It is probably one of the most difficult things to do as a business – firing an employee. Regardless of the reason why, it’s tough (and often emotional) to have the conversation, but it is a part of business.
Believe it or not, terminated employees often end up in court suing their former employer for wrongful termination because of things that were said during the termination or the reasons behind the termination. So, what is an employer to do? How does a business avoid these types of lawsuits, which average $250,000?
Here are 5 firing mistakes to avoid:
1. Stay cool. The situation is already emotionally charged, so avoid making it more heightened by keeping your emotions in check.
2. Avoid surprises. No employee being fired for performance should be hearing about their poor performance for the first time during a termination conversation. That is a sure way to end up in court. Regular, on-going feedback is important for both the employee and the company. And if you happen to end up in court, documented poor performance will show the court that the termination was indeed justified.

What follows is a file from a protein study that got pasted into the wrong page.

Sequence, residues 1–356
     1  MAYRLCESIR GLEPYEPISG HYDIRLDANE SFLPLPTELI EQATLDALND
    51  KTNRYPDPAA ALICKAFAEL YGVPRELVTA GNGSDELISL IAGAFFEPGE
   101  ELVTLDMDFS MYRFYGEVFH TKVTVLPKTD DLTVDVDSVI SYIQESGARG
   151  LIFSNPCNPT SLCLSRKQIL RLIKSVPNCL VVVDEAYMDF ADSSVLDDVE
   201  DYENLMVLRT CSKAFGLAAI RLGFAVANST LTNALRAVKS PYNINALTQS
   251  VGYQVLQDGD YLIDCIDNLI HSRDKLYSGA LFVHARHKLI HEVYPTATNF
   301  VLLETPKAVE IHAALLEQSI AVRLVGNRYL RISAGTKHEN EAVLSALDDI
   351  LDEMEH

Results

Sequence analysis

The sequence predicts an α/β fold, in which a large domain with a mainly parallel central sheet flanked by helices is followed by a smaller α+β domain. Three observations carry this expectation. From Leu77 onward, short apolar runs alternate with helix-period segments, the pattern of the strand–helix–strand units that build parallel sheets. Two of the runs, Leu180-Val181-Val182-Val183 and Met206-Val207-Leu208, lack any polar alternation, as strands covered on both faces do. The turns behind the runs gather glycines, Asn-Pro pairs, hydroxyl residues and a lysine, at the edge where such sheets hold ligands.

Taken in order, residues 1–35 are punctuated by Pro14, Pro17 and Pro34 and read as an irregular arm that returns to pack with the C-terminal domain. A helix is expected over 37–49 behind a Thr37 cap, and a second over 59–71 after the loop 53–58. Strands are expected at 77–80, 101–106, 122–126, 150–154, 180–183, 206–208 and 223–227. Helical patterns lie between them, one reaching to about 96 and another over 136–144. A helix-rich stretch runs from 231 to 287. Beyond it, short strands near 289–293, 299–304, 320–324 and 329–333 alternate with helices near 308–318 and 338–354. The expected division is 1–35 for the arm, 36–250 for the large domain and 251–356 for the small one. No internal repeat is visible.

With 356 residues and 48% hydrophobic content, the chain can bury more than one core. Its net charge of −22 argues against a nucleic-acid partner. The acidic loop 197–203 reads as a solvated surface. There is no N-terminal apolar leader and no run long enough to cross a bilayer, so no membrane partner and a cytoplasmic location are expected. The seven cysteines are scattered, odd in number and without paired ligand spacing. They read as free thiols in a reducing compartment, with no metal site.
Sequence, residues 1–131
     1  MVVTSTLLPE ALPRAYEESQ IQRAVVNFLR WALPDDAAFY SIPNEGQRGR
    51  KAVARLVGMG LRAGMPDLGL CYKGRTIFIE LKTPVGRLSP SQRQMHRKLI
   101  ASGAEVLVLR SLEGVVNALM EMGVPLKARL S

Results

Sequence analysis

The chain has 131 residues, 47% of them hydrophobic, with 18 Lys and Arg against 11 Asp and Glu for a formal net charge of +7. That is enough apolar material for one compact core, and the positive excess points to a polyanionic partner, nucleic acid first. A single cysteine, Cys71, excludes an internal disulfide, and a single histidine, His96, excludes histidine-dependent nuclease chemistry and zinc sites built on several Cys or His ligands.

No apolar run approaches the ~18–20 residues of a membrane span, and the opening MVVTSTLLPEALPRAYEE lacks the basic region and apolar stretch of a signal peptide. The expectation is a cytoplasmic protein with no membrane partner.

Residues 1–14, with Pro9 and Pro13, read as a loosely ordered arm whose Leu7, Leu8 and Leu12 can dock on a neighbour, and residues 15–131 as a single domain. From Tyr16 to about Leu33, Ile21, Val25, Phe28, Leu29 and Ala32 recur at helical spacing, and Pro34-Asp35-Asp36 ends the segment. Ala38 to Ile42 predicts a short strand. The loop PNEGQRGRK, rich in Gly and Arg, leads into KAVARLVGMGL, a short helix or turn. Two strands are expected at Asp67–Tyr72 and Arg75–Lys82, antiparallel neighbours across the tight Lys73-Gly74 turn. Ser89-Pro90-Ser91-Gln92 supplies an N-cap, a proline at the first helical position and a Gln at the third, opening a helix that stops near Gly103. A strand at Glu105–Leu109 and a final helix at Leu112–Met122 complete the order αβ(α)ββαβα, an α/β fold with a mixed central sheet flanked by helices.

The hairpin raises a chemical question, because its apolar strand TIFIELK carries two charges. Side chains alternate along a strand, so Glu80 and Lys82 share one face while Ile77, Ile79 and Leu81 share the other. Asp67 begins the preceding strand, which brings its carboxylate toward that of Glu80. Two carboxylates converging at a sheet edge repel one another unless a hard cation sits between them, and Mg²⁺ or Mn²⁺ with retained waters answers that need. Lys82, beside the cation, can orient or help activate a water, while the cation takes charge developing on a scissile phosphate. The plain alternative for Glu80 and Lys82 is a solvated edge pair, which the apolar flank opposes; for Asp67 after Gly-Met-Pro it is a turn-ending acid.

3. Don’t be overly kind. It sounds harsh, because you want to show compassion, but don’t sugarcoat the scenario. If they are being terminated for poor performance, state exactly that. Stick to the facts.
4. Be careful of your words. No matter what you say during the conversation, the employee is going to hear it in the worst possible way. Stating the facts keeps you away from saying too much and getting into trouble.
5. Don’t spread the word. Speaking to freely to others about the termination can surely land you in court, not only for wrongful termination, but also for defamation of character. Simply stating, “John is no longer with us”, and moving on is the best way to handle it.
When in doubt, consult an HR professional to assist you in the process.
For more information on the services we offer, contact HRPro4You, LLC for a complementary consultation.
Stefanie B. Lomax, M.S., PHR, SHRM-CP